A.1 Clas­si­cal La­grangian me­chan­ics

La­grangian me­chan­ics is a way to sim­plify com­pli­cated dy­nam­i­cal prob­lems. This note gives a brief overview. For de­tails and prac­ti­cal ex­am­ples you will need to con­sult a good book on me­chan­ics.

A.1.1 In­tro­duc­tion

As a triv­ial ex­am­ple of how La­grangian me­chan­ics works, con­sider a sim­ple mol­e­c­u­lar dy­nam­ics sim­u­la­tion. As­sume that the forces on the par­ti­cles are given by a po­ten­tial that only de­pends on the po­si­tions of the par­ti­cles.

The dif­fer­ence be­tween the net ki­netic en­ergy and the net po­ten­tial en­ergy is called the “La­grangian.” For a sys­tem of par­ti­cles as con­sid­ered here it takes the form

{\cal L}= \sum_j {\textstyle\frac{1}{2}} m_j \vert\vec v_j\vert^2 - V({\skew0\vec r}_1,{\skew0\vec r}_2,\ldots)

where $j$ in­di­cates the par­ti­cle num­ber and $V$ the po­ten­tial of the at­trac­tions be­tween the par­ti­cles and any ex­ter­nal forces.

It is im­por­tant to note that in La­grangian dy­nam­ics, the La­grangian must math­e­mat­i­cally be treated as a func­tion of the ve­loc­i­ties and po­si­tions of the par­ti­cles. While for a given mo­tion, the po­si­tions and ve­loc­i­ties are in turn a func­tion of time, time de­riv­a­tives must be im­ple­mented through the chain rule, i.e. by means of to­tal de­riv­a­tives of the La­grangian.

The canon­i­cal mo­men­tum $p^{\rm {c}}_{j,i}$ of par­ti­cle $j$ in the $i$ di­rec­tion, (with $i$ $\vphantom0\raisebox{1.5pt}{$=$}$ 1, 2, or 3 for the $x$, $y$, or $z$ com­po­nents re­spec­tively), is de­fined as

p^{\rm {c}}_{j,i} \equiv \frac{\partial{\cal L}}{\partial v_{j,i}}

For the La­grangian above, this is sim­ply the nor­mal mo­men­tum $mv_{j,i}$ of the par­ti­cle in the $i$-​di­rec­tion.

The La­grangian equa­tions of mo­tion are

\frac{{\rm d}p^{\rm {c}}_{j,i}}{{\rm d}t} = \frac{\partial{\cal L}}{\partial r_{j,i}}

This is sim­ply New­ton’s sec­ond law in dis­guise: the left hand side is the time de­riv­a­tive of the lin­ear mo­men­tum of par­ti­cle $j$ in the $i$-​di­rec­tion, giv­ing mass times ac­cel­er­a­tion in that di­rec­tion; the right hand side is the mi­nus the spa­tial de­riv­a­tive of the po­ten­tial, which gives the force in the $i$ di­rec­tion on par­ti­cle $j$. Ob­vi­ously then, use of La­grangian dy­nam­ics does not help here.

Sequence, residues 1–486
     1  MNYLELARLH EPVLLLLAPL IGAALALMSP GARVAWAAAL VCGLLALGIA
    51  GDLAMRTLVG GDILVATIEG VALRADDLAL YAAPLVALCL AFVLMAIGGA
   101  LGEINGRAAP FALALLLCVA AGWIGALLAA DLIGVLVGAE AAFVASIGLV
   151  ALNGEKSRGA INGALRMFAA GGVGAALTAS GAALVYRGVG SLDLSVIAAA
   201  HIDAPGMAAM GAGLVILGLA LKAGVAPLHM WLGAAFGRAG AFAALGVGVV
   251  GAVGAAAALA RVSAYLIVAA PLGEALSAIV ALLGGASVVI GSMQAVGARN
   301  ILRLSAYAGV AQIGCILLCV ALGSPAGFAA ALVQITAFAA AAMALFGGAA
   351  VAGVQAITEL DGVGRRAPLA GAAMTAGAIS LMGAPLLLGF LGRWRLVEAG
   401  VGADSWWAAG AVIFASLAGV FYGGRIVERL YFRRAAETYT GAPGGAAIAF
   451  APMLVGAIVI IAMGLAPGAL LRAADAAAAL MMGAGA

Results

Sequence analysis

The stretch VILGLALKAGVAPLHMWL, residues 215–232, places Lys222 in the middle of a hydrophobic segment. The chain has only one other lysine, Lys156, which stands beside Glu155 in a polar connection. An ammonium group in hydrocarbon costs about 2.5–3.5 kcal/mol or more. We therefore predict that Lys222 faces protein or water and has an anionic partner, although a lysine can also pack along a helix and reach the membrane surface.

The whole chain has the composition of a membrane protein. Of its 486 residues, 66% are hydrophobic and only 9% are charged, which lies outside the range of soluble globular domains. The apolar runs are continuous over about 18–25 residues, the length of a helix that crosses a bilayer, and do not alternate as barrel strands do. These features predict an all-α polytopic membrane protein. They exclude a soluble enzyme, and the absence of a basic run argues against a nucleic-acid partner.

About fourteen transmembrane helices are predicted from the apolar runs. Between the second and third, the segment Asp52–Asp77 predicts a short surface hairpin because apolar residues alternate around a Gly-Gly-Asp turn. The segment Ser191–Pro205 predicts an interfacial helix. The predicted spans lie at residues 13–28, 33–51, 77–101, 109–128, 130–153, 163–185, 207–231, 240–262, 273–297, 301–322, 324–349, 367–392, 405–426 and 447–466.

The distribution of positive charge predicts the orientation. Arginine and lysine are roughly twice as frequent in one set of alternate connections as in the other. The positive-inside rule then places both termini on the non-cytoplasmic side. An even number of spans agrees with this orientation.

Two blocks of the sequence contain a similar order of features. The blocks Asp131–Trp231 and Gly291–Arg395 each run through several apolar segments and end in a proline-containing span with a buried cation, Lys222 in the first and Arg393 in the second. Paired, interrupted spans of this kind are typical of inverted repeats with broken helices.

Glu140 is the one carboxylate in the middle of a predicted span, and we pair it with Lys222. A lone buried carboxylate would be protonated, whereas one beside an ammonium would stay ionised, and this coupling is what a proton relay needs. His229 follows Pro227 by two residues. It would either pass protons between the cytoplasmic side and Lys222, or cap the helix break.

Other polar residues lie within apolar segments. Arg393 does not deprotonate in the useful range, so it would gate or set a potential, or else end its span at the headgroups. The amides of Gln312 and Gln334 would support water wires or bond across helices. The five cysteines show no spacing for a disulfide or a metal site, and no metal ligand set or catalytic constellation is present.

A.1.2 Gen­er­al­ized co­or­di­nates

One place where La­grangian dy­nam­ics is very help­ful is for macro­scopic ob­jects. Con­sider for ex­am­ple the dy­nam­ics of a Fris­bee. No­body is go­ing to do a mol­e­c­u­lar dy­nam­ics com­pu­ta­tion of a Fris­bee. What you do is ap­prox­i­mate the thing as a solid body, (or more ac­cu­rately, a rigid body). The po­si­tion of every part of a solid body can be fully de­ter­mined us­ing only six pa­ra­me­ters, in­stead of the count­less po­si­tion co­or­di­nates of the in­di­vid­ual atoms. For ex­am­ple, know­ing the three po­si­tion co­or­di­nates of the cen­ter of grav­ity of the Fris­bee and three an­gles is enough to fully fix it. Or you could just choose three ref­er­ence points on the Fris­bee: giv­ing three po­si­tion co­or­di­nates for the first point, two for the sec­ond, and one for the third is an­other pos­si­ble way to fix its po­si­tion.

Such pa­ra­me­ters that fix a sys­tem are called “gen­er­al­ized co­or­di­nates.” The word gen­er­al­ized in­di­cates that they do not need to be Carte­sian co­or­di­nates; of­ten they are an­gles or dis­tances, or rel­a­tive co­or­di­nates or an­gles. The num­ber of gen­er­al­ized co­or­di­nates is called the num­ber of de­grees of free­dom. It varies with the sys­tem. A bunch of solid bod­ies mov­ing around freely will have six per solid body; but if there are link­ages be­tween them, like the bars in your car’s sus­pen­sion sys­tem, it re­duces the num­ber of de­grees of free­dom. A rigid wheel spin­ning around a fixed axis has only one de­gree of free­dom, and so does a solid pen­du­lum swing­ing around a fixed axis. At­tach a sec­ond pen­du­lum to its end, maybe not in the same plane, and the re­sult­ing com­pound pen­du­lum has two de­grees of free­dom.

If you try to de­scribe such sys­tems us­ing plain old New­ton­ian me­chan­ics, it can get ugly. For each solid body you can ap­ply that the sum of the forces must equal mass times ac­cel­er­a­tion of the cen­ter of grav­ity, and that the net mo­ment around the cen­ter of grav­ity must equal the rate of change of an­gu­lar mo­men­tum, which you then pre­sum­ably de­duce us­ing the prin­ci­pal axis sys­tem.

In­stead of mess­ing with all that com­plex vec­tor al­ge­bra, La­grangian dy­nam­ics al­lows you to deal with just a sin­gle scalar, the La­grangian. If you can merely fig­ure out the net ki­netic and po­ten­tial en­ergy of your sys­tem in terms of your gen­er­al­ized co­or­di­nates and their time de­riv­a­tives, you are in busi­ness.